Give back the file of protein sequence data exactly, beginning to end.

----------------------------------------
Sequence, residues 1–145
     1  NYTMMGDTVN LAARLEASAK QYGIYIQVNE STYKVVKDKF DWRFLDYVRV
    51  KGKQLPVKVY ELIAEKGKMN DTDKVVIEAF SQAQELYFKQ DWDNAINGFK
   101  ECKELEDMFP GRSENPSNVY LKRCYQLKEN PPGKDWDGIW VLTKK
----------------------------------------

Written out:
Sequence, residues 1–145
     1  NYTMMGDTVN LAARLEASAK QYGIYIQVNE STYKVVKDKF DWRFLDYVRV
    51  KGKQLPVKVY ELIAEKGKMN DTDKVVIEAF SQAQELYFKQ DWDNAINGFK
   101  ECKELEDMFP GRSENPSNVY LKRCYQLKEN PPGKDWDGIW VLTKK